Choosing your first handgun can be a very confusing task. Do you go with semi-auto or revolver, 9mm or .45 ACP, Glock or FN? The choices are truly endless. Hopefully this article will help you break down the many, many choices you have.
When considering the purchase of your first, or next, pistol, you should look at these main points:
- Consult knowledgeable shooters – just because dear old Uncle Ted has been shooting for 35 years does not mean he actually knows what he’s doing. Just because someone has 5,000 videos on YouTube does not know he/she knows what they are doing. Try and find someone who has a broad knowledge of the shooting sports to help you decide where you want to go with your new purchase, and not something the other person wants you to buy so they can shoot it at the range.
- Research, and if possible, test fire various makes and models – After doing all your homework and have narrowed down your choices to only a few handguns, head to your local indoor shooting range to rent the handguns you’re looking to buy. Most indoor ranges have a wide variety of handguns to rent for a nominal cost, and spending a few dollars on test firing a gun means you don’t spend $500 on a gun you absolutely hate.
- Purchase your new pistol from a reputable gun store – not all gun stores are the same, and some are even down right illegal in the way they do business. We always say, “Pee Dizzle Wizzle selling guns out of the back of his van is not a reputable dealer.” Google, Yelp, and Facebook, to name just a few, give you the ability to read reviews from other customers of the store you’re considering. Keep in mind that businesses cannot control what other people say in their reviews, and sometimes people will write a bad review because they didn’t like their purchase after they made it. That shouldn’t hold weight in your decision that someone made a poor buying decision.
There are a few factors to consider when making a firearm purchase, whether it be your first or 100th. Some of these factors may not be important to you on each and every firearm purchase, but consider them anyway. They may help you to avoid buying the wrong gun for the wrong purpose.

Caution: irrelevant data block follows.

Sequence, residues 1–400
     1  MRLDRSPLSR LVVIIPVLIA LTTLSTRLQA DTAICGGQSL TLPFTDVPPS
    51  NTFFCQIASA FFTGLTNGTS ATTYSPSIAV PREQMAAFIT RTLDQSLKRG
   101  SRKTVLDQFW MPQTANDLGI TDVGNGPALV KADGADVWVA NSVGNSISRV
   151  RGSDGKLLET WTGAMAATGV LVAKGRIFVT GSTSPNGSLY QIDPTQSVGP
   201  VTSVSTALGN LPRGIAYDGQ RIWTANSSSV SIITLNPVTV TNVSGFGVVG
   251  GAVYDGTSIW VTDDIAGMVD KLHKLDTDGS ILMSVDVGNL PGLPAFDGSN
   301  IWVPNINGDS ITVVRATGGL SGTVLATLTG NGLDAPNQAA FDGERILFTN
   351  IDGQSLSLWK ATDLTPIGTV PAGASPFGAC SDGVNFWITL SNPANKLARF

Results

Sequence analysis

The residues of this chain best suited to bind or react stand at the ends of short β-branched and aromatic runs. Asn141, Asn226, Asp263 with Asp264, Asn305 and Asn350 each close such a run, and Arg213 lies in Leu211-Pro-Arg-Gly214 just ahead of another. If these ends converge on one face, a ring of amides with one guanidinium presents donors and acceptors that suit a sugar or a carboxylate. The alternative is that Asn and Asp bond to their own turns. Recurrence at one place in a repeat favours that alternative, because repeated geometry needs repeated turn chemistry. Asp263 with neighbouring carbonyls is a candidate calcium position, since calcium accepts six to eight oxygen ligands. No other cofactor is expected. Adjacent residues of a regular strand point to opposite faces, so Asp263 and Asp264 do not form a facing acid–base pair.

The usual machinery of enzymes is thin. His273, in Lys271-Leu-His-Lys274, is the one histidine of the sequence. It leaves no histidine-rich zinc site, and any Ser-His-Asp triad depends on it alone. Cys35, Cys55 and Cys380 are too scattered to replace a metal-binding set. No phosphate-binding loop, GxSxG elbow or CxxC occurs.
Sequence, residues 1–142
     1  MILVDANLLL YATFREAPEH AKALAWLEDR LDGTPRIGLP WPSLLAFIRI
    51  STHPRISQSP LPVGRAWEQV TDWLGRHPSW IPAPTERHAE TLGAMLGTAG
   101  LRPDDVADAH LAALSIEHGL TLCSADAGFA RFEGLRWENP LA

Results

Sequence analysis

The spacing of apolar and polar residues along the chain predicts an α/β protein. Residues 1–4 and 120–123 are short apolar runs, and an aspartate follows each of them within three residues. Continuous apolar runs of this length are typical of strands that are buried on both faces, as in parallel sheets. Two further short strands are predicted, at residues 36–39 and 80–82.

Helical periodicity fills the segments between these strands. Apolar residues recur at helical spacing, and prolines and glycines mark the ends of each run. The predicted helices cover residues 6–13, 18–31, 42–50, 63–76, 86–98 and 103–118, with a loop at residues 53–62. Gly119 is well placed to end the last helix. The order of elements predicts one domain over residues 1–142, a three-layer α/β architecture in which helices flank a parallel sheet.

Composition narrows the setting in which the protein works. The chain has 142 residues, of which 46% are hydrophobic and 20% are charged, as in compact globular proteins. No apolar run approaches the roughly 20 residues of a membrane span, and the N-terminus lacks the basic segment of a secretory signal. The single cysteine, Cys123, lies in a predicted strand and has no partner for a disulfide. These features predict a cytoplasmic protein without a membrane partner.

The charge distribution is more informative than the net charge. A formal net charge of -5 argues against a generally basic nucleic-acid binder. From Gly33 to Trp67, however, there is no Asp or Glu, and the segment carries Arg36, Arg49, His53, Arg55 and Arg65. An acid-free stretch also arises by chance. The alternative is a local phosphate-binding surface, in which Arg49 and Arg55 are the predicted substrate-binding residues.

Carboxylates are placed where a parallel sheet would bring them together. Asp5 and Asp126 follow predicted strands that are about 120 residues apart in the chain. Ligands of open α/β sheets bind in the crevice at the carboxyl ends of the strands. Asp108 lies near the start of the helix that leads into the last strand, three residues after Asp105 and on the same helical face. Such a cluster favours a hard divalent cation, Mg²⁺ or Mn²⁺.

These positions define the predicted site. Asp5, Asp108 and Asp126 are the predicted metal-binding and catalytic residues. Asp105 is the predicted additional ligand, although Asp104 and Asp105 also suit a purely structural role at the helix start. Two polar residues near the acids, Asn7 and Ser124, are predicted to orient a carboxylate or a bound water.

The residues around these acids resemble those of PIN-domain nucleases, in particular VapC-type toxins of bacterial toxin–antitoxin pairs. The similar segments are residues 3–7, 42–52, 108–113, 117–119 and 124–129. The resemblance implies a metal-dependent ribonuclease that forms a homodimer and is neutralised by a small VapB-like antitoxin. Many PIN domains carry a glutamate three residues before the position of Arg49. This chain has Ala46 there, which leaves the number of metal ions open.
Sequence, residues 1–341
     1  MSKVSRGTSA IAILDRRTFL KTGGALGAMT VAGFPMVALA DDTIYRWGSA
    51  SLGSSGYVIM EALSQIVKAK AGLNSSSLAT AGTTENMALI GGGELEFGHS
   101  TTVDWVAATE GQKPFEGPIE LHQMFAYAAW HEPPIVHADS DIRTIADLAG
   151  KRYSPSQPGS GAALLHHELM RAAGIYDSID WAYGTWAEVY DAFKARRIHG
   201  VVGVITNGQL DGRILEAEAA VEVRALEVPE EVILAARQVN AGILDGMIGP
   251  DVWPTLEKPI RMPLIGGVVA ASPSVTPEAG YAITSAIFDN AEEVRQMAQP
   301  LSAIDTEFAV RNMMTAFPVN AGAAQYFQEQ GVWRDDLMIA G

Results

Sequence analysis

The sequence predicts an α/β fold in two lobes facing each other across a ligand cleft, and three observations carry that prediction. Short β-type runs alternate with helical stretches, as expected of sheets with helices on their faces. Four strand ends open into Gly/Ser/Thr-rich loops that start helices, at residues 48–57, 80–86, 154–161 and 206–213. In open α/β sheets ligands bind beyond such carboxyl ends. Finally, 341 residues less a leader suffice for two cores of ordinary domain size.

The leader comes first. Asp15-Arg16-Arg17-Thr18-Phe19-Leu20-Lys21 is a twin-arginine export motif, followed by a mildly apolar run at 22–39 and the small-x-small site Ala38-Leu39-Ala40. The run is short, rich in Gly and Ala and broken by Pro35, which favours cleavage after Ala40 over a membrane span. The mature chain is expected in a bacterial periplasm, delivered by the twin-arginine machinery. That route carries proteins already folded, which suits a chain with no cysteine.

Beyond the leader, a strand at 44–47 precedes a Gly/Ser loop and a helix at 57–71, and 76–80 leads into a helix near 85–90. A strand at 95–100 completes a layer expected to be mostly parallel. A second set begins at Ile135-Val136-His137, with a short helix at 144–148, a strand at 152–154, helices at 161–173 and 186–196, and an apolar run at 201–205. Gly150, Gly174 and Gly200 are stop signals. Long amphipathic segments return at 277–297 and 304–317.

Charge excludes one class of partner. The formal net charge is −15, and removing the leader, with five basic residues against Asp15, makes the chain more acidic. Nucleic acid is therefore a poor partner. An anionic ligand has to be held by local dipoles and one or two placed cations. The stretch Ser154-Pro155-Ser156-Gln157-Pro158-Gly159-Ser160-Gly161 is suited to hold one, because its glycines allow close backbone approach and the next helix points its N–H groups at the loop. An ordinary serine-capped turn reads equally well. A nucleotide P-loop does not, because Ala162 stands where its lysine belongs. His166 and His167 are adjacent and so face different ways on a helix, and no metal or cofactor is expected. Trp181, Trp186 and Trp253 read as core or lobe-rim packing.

Intended use of the pistol
You wouldn’t want to buy a huge Desert Eagle in .44 Magnum if you’re looking for a conceal carry handgun. You also wouldn’t want a 1911 in .45 ACP if you’re just looking to poke holes in paper at the range. Typically, each gun was made for a particular purpose, but most guns can be used for more than one purpose.
Price and budget
Handgun prices can range from $200 to well over $10,000. The higher the price doesn’t always mean the better the gun, and the lower the price does not always mean it’s a piece of junk. The Taurus 1911, for example, is about $475 and is a great gun for the price. A Nighthawk Custom 1911 starts around $3,000, and they both do exactly the same thing – send a bullet towards your target. The Nighthawk Custom, however, allows you to do it in style.
When you’re purchasing your first handgun, the price of the gun is not the only thing you have to spend money on. You have to maintain it somehow, you have to actually shoot it, and you have to secure it when it’s at home. A cleaning kit doesn’t have to be extensive, or expensive. Single caliber cleaning kits are around $10, some sort of cleaning solvent will be about $10, add a few old t-shirts and you’re good on cleaning. Ammunition will cost you about $10-$15 for 50 rounds of range ammunition (and you can blow through some ammo at the range) and defensive ammunition will cost about $20 for 20 rounds. Indoor range time normally costs about $20 an hour and most have unlimited use yearly memberships. Outdoor ranges can be $150 a year or even $500 for a lifetime membership. All of this means that if your total budget is $500, you can’t buy a $500 handguns.
Availability and price of ammunition
Not all ammunition is available for every gun that exists. Any new gun typically found in your local gun store should have ammunition available for it, but some ammunition is no longer being made or costs an absolute arm and a leg to buy. When considering your first handgun, look into the availability and price of the ammunition for it. For example, .460 S&W Magnum costs about $3 a round, where .22 Long Rifle costs about 5 cents a round. Most people choose a 9mm semi-auto handgun for their first purchase and that costs about 25 cents a round.